Keep a look out for uncommon wildlife in Glebe
The March meeting of the group was joined by Sophie Golding, Urban Ecology Coordinator, City of Sydney, who updated us on the City’s Urban Ecology Strategic Action Plan. We discussed possible activities and ways of involving the community, particularly with regard to the reporting of wildlife, which was vital to the strategy. Sophie asked to be advised directly of any opportunistic sightings of less common birds. It was suggested that the Glebe Society Bulletin might be one way of involving more people in wildlife observations. Sunday 26 October has been set as the date for our next Spring Bird Survey and information will be provided in future Bulletins.
Interested in bush regeneration?
The Orphan School Creek Bushcare Group continues to meet monthly in the Park with the next gathering on Saturday 3 May from 9.30 to 11.30am. Please meet behind the townhouses on Wood St, Forest Lodge. We will have about 200 tubestock of shrubs to plant in amongst the trees. It is a mostly terraced area with existing plants, rocks, etc., so wear covered shoes and be prepared to scramble a bit. Please bring your own gloves and a trowel and other tools like secateurs, if you have them. Bring something to share for morning tea afterwards, if you are able to stay around. For further details, please contact Judy Christie — 9660 8309
Also, the Glebe Bushcare Group meets each Wednesday from 8am to 12 noon and is currently weeding and planting native species in Chapman Rd opposite the Rozelle Bay Nursery (for further details, please contact Sue Copeland – 9692 9161). Members of the Society are most welcome to join these Groups and assist with their important work in enhancing biodiversity in our suburb’s parks and reserves.
Where will the children (and the birdies) play?
The Subcommittee has discussed the impact during school hours on St James Park and John St Reserve of large numbers of children from St James School and we wondered whether the church’s own land was being utilised to its full extent.
The use of these small pocket parks should be distinct from that of large open areas such as Wentworth Park. It is hoped that we may be able to engage with the school positively as we have done already with Forest Lodge Public School, where we provided advice on enhancing small bird habitat and biodiversity within the school grounds.
In St James Park the construction of the new tennis pavilion is underway and the eastern court is being renewed. The other (western) court is currently available for hire. Work is progressing on the playground area with new seating and paving and a tree house is being constructed.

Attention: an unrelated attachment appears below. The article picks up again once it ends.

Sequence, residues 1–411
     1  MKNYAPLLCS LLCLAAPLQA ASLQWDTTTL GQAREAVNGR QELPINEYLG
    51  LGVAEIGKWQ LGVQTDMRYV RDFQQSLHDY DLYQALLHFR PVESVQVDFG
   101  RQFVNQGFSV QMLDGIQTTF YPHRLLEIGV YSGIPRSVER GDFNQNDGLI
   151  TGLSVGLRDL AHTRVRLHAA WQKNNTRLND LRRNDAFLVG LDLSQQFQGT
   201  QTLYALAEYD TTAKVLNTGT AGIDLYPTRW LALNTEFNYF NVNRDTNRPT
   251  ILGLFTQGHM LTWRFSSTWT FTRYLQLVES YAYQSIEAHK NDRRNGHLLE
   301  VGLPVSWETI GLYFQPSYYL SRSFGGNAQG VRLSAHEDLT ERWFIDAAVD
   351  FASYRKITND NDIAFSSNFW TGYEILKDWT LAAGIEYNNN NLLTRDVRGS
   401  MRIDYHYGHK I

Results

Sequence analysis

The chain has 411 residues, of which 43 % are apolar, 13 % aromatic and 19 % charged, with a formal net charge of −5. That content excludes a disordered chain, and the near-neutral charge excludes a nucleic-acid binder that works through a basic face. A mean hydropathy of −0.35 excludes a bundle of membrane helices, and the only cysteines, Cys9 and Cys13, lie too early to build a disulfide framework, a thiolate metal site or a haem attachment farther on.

John St and Paddy Gray Reserves will be affected by the Johnstons Creek Flood Mitigation Proposal; detention basins are proposed for both Reserves. At an onsite meeting on Monday 5 April, the Friends of John St Reserve met with Robyn Kemmis, the Deputy Mayor, and Kristin Gabriel and Water Asset Engineers, all from the City of Sydney. The Engineers advised that the purpose of the basins (a series of ‘weirs’) was to help manage the expected volume of floodwaters should there be a 1-in-5 to 1-in-10 year flood event. It was explained that the proposal is in its ‘discovery’ stage, construction is planned in about 10 years and the likely effects on the biodiversity of the Reserves are unknown.
The members of the Subcommittee who attended Council’s information meeting about the Harold Park Open Space design plan expressed disappointment at the fragmented nature of the proposed plantings and our more detailed critique of the design was incorporated in the Society’s formal response to the plan.
Many media mentions
The work of the Subcommittee in increasing and improving habitat areas and creating wildlife corridors in Glebe was described in articles in the Inner West Courier (‘Wildlife returns to city’; 1-4-2014) and Sydney Morning Herald (Urban haven; rich array of wildlife calling Sydney home; 8-4-2014). Also in a review of a recently published book (The thing with feathers: the surprising lives of birds and what they reveal about being human by Noah Strycker), The Economist of 5 April 2014 featured a photo of a male wren. The review states: ‘Most striking are the gorgeous Australian fairy-wrens, whose intergenerational altruism looks uncannily like human’s supportive family life’.